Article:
Long Walks by the Sea

There's nothing Norwegians enjoy more than long walks in pristine forests or along sparkling clear waters. Internationally-recognized as leaders in preserving and protecting their natural resources, Norwegian oil and gas companies are expected not only to meet strict environmental rules, but also to use their creativity and technical expertise to come up with solutions to complex problems.

Two of the leading companies in Norway's oil and gas industry, Statoil and Norsk Hydro, are taking important steps to improve the environment around their operations in the Norwegian Continental Shelf and beyond.

 

navion400x229.jpg (69899 bytes)
Statoil is investing in the installation of VOC recovery plants on three shuttle tankers, including onboard the Navion Scandia.

 

Dramatic Improvements in VOC Capture

Volatile Organic Compounds (VOCs) released into the environment during offshore loading is one important environmental challenge faced by the industry. Emissions to the air from the offshore sector include carbon dioxide, methane and non-methane VOCs, as well as sulphur and nitrogen oxides. These contribute to the greenhouse effect, acid rain and the creation of ground-level ozone.

 

Continuing in a tradition of popular and strong ecological regulation, the latest Norwegian environmental laws require the amount of VOCs released during offshore loading on the Norwegian Continental Shelf to be reduced by 95 percent by 2006.

 

To meet these requirements, Statoil, in partnership with other companies, is investing in three new onboard plants built for the recovery of VOCs.  The facilities are due to come into operation next year, installed on the tankers Navion Scandia, Navion Hispania and Nordic Stavanger. "These plants allow us to meet government demands for a 70 percent cut in environmentally-harmful VOC emissions from 2005," says special advisor Egil Tveit in Statoil's Exploration & Production Norway.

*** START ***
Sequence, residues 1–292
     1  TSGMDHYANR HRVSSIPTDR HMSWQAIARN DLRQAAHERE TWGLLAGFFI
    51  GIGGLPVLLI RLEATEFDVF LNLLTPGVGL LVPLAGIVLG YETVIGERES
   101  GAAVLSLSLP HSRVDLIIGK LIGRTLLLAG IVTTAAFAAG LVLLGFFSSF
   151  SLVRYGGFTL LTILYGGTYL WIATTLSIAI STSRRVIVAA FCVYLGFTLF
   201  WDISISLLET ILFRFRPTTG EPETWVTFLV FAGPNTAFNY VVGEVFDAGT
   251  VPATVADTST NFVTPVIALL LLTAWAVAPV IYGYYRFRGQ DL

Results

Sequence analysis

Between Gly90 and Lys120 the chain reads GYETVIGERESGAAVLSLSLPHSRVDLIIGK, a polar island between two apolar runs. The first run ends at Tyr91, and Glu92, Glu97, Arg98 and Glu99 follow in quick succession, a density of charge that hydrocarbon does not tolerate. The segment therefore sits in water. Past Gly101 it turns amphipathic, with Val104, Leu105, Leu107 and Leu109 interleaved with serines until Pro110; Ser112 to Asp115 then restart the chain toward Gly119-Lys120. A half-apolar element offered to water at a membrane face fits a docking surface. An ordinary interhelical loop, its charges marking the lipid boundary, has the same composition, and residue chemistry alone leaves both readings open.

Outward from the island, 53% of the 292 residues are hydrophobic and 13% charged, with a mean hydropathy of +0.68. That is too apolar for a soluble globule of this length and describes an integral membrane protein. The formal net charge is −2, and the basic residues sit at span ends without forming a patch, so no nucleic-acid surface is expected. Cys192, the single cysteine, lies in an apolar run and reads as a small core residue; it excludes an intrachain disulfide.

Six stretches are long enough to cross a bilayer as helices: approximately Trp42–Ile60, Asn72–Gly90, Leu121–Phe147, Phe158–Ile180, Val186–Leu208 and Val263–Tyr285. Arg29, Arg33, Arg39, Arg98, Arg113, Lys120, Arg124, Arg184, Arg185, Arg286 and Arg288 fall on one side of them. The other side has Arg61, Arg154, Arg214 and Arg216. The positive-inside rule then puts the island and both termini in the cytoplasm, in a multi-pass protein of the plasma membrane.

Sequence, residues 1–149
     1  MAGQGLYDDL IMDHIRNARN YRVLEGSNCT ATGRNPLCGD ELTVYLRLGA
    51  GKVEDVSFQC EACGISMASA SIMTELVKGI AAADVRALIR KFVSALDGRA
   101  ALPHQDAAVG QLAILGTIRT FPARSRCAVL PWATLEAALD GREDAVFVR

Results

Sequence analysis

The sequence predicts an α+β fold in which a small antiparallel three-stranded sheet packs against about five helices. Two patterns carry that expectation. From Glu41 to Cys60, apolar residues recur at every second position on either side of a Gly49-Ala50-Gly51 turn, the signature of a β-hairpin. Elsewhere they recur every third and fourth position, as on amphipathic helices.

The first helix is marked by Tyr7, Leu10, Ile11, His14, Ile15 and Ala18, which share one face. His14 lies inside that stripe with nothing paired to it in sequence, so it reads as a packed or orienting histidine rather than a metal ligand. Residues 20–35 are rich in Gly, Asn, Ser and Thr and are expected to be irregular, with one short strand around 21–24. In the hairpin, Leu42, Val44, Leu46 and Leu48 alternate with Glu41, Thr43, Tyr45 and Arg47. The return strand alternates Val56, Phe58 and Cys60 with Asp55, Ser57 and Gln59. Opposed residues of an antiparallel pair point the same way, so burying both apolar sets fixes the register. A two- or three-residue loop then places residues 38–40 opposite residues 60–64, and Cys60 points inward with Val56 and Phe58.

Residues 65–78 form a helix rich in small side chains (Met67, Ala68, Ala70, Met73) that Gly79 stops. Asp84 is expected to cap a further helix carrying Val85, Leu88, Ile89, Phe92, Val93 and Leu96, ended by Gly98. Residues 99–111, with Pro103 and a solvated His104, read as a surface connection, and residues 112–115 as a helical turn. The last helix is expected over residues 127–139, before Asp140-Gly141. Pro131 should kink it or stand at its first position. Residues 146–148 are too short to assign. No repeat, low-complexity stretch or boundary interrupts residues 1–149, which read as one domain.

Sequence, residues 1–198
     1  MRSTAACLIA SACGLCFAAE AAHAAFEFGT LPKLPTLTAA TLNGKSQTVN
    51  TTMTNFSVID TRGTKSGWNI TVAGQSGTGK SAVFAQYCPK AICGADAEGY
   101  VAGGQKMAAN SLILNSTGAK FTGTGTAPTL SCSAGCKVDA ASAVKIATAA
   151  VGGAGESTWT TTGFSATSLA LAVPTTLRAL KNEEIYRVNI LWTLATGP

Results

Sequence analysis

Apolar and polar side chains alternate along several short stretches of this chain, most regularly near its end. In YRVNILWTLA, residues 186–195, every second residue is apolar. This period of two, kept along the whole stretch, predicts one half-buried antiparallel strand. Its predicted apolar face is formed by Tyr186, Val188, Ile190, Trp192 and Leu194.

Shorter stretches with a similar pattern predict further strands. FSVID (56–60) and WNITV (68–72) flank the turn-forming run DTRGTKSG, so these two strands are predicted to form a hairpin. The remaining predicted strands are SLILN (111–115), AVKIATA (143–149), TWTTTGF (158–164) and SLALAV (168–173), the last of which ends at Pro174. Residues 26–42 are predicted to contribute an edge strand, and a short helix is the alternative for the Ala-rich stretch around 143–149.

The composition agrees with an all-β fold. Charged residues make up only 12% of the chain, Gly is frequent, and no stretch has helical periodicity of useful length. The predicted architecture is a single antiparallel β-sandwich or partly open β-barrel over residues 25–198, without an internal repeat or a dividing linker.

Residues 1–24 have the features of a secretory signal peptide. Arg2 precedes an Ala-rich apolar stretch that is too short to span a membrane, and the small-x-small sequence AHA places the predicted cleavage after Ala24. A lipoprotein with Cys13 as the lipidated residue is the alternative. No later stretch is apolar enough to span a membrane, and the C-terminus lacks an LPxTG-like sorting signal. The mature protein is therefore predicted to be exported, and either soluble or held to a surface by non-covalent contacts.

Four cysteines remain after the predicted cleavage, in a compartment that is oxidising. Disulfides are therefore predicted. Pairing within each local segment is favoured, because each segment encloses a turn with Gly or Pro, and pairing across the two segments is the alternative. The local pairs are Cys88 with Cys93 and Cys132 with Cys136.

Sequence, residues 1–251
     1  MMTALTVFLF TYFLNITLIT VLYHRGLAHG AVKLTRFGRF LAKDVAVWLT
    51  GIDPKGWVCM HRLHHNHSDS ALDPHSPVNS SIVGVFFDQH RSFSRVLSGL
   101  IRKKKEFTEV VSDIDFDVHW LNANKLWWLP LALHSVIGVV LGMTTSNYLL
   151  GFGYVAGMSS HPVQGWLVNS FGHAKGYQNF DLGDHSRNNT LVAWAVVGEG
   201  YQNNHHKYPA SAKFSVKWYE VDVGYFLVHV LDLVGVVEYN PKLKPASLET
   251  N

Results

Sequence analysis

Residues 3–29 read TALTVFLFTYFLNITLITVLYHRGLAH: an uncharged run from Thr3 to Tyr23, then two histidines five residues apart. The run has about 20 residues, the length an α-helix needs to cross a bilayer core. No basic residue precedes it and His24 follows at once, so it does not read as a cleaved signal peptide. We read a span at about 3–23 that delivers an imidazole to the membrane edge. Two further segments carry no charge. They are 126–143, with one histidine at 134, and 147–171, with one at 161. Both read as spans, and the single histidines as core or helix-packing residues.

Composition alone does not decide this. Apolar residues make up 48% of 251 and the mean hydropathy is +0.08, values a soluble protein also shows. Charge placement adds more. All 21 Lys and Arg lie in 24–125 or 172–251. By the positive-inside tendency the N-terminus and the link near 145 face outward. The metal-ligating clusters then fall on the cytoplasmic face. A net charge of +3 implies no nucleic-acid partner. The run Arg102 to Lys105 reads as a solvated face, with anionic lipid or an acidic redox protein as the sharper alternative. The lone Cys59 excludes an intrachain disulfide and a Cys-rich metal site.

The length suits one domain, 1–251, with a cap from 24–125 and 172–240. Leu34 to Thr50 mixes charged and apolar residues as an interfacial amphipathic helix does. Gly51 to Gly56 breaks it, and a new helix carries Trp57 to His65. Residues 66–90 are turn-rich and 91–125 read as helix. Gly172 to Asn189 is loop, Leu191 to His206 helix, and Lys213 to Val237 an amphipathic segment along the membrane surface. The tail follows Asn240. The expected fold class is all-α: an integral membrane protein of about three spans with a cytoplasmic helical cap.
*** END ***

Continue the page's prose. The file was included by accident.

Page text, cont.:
The technology in the plants that is key to the solution is a combination of a condensation unit with steam boilers - which work together to reduce VOC emissions during loading operations to zero. In addition to the new plants, seven VOC recovery facilities are currently installed in shuttle tankers operating on the Norwegian Continental Shelf, while an eighth is under installation.

 

utsira200x307.jpg (53033 bytes)Norsk Hydro's project on the island of Utsira in western Norway is the first ever full-scale combined wind power and hydrogen plant.

 

New Ways to Clean Produced Water
Another important environmental deadline is December 31, 2005, the date set by Norwegian authorities for halting all discharge of environmentally-harmful substances from the country's offshore installations. 

 

Statoil engineers have come up with a creative new treatment technology to meet these high environmental standards. Based on condensate (light oil) injection, and patented by Statoil as the CTour solution, the new process is setting the standard for improved performance in cleaning produced water. Statoil has a clearly-stated goal of achieving zero harmful discharges to the sea by the deadline in question, and CTour is a major step forward towards meeting that target.